Global push: Centre recognises yoga as competitive sport
The government on Thursday offered official recognition to yoga as a competitive sport, preparing the ground for the ancient discipline’s inclusion in national, state and university level championships organised in the country.
Yoga sporting leagues on the lines of the Indian Super League, which is the professional football league, may also be introduced as part of an effort to boost yoga’s popularity. The government’s ultimate aim is to push for yogasana to be made a part of the Olympic Games.
The ministries of Ayush and sports have worked in collaboration towards making it happen with the aim of spreading awareness about yoga, the benefits it offers and the discipline’s spiritual background among the young. The ministries are also working together to ensure yogasana is recognised as a competitive sport globally.
“Now that yogasana has been formally declared a competitive sport by the government, it will be made a part of Prime Minister Narendra Modi’s Khelo India initiative that will ensure states will work towards organizing sports events including for yogasana in an organized manner, like it happens for other sports,” said Kiren Rijiju, minister of state for youth affairs and sports.
“Yoga has already been popular enough so the next step was to recognize it as a competitive sport. The ultimate goal is to make it a part of the Olympic Games. To begin with, a pilot national-level traditional yogasana championship has been proposed in February next year, and later in the year there is a plan to conduct a World Yogasana championship that India will host,” the sports minister added.
India also recently established the National Yogasana Sport Federation of India (NYSFI) for the development of yoga as a competitive sport.
Extensive consultations over the past 3-4 years preceded the official recognition of yoga as a competitive sport.
“The necessary work on this initiative has been going on for long, and this year in August NYSFI was established for the purpose on the lines of other sports federations active in the country under the ministry of sports. In November this year, the sports ministry also formally recognized the federation,” said Vaidya Rajesh Kotecha, secretary, Ayush ministry.
Rijiju explained that like other federations, NYSFI will also now be eligible for financial assistance from the sports ministry.
“Now that Yogasana has been formally declared a sport, its federation, like other national sports federations, will also get financial assistance from the sports ministry for preparing their annual training and calendar that will have an idea on what all they plan to organize during the coming calendar year. We want to produce quality athletes performing yogasanas,” he said.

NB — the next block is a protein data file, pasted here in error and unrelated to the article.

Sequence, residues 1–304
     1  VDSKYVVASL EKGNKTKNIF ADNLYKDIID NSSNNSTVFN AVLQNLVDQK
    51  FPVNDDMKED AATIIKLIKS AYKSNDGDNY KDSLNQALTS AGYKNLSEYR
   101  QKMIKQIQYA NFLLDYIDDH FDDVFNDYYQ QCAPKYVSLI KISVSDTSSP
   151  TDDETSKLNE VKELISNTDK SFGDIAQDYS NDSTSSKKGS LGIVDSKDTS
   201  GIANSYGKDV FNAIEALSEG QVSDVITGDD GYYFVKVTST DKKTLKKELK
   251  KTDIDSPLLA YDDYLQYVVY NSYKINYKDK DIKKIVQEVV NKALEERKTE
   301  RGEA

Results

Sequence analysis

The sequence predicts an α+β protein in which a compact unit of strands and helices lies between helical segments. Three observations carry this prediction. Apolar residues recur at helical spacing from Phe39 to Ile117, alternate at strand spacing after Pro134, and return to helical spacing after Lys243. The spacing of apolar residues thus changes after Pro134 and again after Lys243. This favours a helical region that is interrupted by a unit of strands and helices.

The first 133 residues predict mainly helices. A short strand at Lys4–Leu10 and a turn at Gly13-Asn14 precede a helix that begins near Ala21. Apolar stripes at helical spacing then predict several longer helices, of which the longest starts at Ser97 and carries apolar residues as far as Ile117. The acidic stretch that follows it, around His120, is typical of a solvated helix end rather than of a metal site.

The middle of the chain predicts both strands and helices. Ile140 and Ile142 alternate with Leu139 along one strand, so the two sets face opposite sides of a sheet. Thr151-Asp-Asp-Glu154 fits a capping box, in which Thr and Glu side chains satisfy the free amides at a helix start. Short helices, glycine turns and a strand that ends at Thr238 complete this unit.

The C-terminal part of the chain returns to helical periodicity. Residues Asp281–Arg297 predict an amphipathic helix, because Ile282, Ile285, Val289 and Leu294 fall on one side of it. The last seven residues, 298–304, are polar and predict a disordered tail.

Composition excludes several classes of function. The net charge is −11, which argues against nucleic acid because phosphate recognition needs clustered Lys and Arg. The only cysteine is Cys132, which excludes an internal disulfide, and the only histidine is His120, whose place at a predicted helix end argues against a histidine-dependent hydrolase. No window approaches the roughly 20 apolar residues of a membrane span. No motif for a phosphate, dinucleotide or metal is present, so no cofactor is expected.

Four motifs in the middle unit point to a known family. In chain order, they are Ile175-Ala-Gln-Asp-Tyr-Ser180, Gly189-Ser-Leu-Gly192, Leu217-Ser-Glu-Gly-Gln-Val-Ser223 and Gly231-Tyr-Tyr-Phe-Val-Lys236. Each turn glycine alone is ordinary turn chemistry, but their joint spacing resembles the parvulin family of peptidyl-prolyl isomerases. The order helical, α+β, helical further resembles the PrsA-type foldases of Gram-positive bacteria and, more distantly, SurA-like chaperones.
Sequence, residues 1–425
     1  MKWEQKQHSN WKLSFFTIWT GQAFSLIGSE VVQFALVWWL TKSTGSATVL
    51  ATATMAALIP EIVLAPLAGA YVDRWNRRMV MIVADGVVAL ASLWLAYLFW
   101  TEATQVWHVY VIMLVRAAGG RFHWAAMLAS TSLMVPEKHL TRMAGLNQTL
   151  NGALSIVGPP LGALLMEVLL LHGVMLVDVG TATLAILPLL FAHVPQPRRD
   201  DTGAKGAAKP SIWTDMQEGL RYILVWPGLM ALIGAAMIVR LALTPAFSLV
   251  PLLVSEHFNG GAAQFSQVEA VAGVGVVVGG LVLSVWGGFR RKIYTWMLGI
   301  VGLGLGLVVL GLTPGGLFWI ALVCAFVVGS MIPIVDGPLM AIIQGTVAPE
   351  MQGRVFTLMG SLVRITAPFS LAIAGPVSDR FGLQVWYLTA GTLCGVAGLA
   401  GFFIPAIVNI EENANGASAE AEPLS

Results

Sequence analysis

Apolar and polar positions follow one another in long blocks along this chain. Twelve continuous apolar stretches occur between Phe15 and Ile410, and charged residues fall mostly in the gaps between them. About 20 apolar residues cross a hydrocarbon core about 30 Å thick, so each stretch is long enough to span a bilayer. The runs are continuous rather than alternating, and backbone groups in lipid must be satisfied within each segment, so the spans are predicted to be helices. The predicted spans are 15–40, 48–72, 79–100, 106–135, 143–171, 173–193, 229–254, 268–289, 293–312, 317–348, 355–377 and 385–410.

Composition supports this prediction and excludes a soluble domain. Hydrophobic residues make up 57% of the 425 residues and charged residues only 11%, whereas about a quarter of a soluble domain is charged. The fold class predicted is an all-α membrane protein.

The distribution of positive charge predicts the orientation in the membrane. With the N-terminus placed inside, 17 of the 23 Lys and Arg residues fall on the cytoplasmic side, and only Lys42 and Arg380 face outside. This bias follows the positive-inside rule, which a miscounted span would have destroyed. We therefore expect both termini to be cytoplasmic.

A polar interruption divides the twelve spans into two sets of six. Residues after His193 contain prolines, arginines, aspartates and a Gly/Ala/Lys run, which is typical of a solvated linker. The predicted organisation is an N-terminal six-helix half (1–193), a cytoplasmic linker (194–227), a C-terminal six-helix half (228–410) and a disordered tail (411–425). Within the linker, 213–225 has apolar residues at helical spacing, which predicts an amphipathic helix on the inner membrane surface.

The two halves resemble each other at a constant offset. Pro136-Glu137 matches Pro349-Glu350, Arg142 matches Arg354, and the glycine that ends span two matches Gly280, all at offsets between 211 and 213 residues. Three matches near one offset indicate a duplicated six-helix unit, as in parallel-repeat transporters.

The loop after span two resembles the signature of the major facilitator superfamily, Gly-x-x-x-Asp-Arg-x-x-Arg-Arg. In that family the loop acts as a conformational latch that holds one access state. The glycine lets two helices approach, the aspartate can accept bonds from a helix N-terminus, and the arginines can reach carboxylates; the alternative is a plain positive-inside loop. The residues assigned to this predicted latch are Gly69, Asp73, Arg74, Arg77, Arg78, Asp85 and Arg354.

An exhaustive document containing rules and regulations and syllabus for the yogasana competitions has been prepared by experts in the field. The technical committee has also made a detailed list of asanas, both compulsory and optional, from traditional yoga literature.
About 51 medals are being proposed in four events and seven categories for the events to be conducted at sub-junior, junior and senior level for both men and women. The events include traditional yogasana, artistic yogasana, rhythmic yogasana, free flow (group) yogasana, and individual all round championship and team championship.
Experts are coming up with an information technology-enabled, automation scoring system for these competitions for marking participants objectively.
The government will also be training and certifying coaches, referees, judges and directors of these competitions. The Sports Association of India is trying to recruit such personnel largely from the pool of former and retired sportspersons in India.
“Training of athletes is one thing but we will also be training the technical team which is equally important. Sports Authority of India is trying to recruit more retired Indian sportspersons for the purpose of coaching,” said Rijiju.
Naik said thatmission was to create athletes, and eventually achieve Olympic success.
Dr Ishwar Basavaraddi, director of the Morarji Desai National Institute of Yoga, said: “Yogasana involves rigorous training and the postures are quite elaborate that need to be performed with the right technique. Many people, especially youngsters, are likely to come forward to participate now that it has been officially declared a sport, especially those from villages. It is a good way to promote yogasana.”